Global Citizenship refers to the willingness and ability to perceive oneself and to act as a member of a diverse world community, in which mutual understanding, acceptance and care for people and their natural environment are widely recognized as the main value.
Citizenship describes the status of being a citizen in a specific country or nation and comes along with particular rights, responsibilities and duties but also social and psychological components such as the sense of identity.
When focused on the children, “Citizenship” is a continuous process that gives them the power to express their opinion freely, make decisions and get involved (in actions, practices, and dialogues), in matters that affect their life, according to their age, maturity and competence, valuing their agency. This process combines space, voice, influence, and audience. Space is a place of well-being, joy and pleasure open to the plural experiences and interests of children and communities. It must respect personal and social identities and be open to the play and culture. Considering children’s voices means that they can express their opinions and experiences about issues that concern them and take their opinion and perspective into account. Children must be consulted during decision-making that affects them. To have a significant influence, in addition to giving children a voice, their opinions and perspectives must be taken seriously. Children should be informed of how their views have been considered. It refers to the opportunity of children being heard, and their opinions and actions are considered by those who make decisions, and by the community where they belong (adults and other children).
Social and Family Participation focuses on how children are enabled to participate in the decision-making processes of their social and family context, as well as on a community, national, and international level. Based on the Children’s Rights Convention, participation includes the freedom of expression, thought, conscience, association; as well as the right to express their views on all matters affecting them, access to information, and to participate in the cultural life of the community.
Social and family participation is fundamental at any level of education, particularly in early childhood. The responsible and collaborative participation of families should be promoted, in consultation with educators, children, and other social actors. For the best effectiveness of children’s participation in the different spheres of daily life, the involvement of families and carers is fundamental, because in addition to their personal availability (conciliation), they provide a cultural involvement with other families, and home/school communication becomes more consistent.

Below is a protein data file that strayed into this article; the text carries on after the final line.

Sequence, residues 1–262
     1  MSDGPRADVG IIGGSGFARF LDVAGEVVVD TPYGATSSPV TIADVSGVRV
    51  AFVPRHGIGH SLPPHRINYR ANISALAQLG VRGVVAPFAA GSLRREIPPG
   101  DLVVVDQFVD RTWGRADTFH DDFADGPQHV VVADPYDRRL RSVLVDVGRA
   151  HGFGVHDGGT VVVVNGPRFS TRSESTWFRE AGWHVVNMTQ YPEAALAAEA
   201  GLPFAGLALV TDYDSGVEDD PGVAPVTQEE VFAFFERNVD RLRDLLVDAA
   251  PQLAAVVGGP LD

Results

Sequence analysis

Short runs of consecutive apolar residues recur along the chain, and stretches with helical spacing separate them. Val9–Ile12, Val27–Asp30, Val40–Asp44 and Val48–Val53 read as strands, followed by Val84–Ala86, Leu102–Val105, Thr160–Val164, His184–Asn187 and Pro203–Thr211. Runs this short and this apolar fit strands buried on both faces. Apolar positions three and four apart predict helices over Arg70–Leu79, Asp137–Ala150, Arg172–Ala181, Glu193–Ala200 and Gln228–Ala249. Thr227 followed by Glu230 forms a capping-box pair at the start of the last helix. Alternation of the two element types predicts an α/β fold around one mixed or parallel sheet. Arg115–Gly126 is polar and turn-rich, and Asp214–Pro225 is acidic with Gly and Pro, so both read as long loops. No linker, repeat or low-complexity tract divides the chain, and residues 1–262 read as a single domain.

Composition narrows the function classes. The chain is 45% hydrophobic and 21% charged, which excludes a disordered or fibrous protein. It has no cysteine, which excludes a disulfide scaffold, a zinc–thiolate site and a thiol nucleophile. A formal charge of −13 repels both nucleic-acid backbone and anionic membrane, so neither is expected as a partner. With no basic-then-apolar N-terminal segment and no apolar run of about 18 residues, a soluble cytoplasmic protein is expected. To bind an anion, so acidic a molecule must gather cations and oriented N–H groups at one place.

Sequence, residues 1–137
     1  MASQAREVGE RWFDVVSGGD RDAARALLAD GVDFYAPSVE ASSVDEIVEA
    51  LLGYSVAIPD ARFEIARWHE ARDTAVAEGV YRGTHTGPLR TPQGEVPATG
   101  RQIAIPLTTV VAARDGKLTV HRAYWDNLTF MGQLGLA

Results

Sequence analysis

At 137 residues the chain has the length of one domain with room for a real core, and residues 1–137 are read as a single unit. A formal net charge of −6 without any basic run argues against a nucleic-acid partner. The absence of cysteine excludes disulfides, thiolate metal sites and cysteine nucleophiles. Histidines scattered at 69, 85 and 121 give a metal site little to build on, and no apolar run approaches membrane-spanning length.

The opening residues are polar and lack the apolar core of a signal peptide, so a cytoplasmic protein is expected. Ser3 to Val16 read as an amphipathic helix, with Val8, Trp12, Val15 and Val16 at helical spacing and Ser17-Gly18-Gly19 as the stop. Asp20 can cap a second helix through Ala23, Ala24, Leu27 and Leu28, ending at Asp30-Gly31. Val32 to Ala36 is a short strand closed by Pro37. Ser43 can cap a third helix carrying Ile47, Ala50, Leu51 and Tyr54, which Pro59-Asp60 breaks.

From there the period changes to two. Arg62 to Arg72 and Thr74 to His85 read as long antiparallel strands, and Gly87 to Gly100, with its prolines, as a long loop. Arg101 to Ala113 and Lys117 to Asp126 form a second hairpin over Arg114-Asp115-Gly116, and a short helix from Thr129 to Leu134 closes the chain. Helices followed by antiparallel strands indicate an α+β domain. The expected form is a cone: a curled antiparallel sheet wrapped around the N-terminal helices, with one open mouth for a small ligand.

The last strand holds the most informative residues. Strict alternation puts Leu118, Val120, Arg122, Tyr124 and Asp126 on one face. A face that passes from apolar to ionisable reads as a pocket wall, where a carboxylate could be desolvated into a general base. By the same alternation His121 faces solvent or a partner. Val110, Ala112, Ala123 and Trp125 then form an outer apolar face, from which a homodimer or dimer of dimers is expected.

Inspired by the priorities of Global Citizenship Education, gender identity and equality are considered to be key concepts. Firstly, gender equality describes the equal rights, opportunities, and responsibilities for all genders. This equality implies that no one’s rights, responsibilities, and opportunities will depend on whether they are born female or male. Secondly, gender identity is the felt, internal sense of being a man, male, boy; a woman, female, or girl; or an alternative gender. It does not necessarily correspond with the sex assigned at birth or primary/secondary sex characteristics. Therefore, someone’s gender identity may or may not be visible to others
These concepts are addressed separately due to that can have their own value in insolation or in close correlation with each other. In concordance with the four themes of the GAINKids, the two themes are closely related with the concept “respect”. Which can be seen in the published books, the authors wrote real-life examples to familiarizes the child with the “normality” of the exchange of role between man and woman, due to it is only a role.
The Convention on the Rights of the Child states that children must develop their “human” potential at each stage of development and to the full extent of their capacities.
Equal opportunities for all means that all children, regardless of gender, mental or physical disability, ethnicity or socioeconomic background, have the same opportunities in life and in the future. Each child should get the chance to maximise their full potential to develop cognitively, physically, socially and emotionally. Providing these opportunities specifically entails access to education and training
With the story-books, GAINKids aims to teach to the children that it is not about who their parents are, but who they are. To draw their attention not to what others are doing, but to what they themselves can do. To let them learn that gender, skin colour, clothes, hair length, age, and health conditions
Discrimination prevents individuals and communities from exercising and enjoying their
human rights and fundamental freedoms. It also impacts on society as a whole, reinforcing prejudice and racist attitudes, and it is often based on ignorance, prejudices and negative stereotypes.
Valuing diversity means acknowledging and appreciating the differences and similarities among all human beings. While the basic needs are similar, there is a broad variety of identity traits when it comes to gender, class, culture, ethnicity, religion, nationality, citizenship, or language. And, respecting this diversity entails to recognize that these differences shape each person’s identity while being open to other cultures and identities.
Non-discrimination refers to the principle that no one should be treated differently due to a certain set of identity criteria and nobody should be deprived of their political, social, civic, economic or cultural freedoms and rights. The Gainkids project recognises the need to develop non-discriminatory and tolerant learning environments, to benefit from diversity instead of ignoring or excluding it.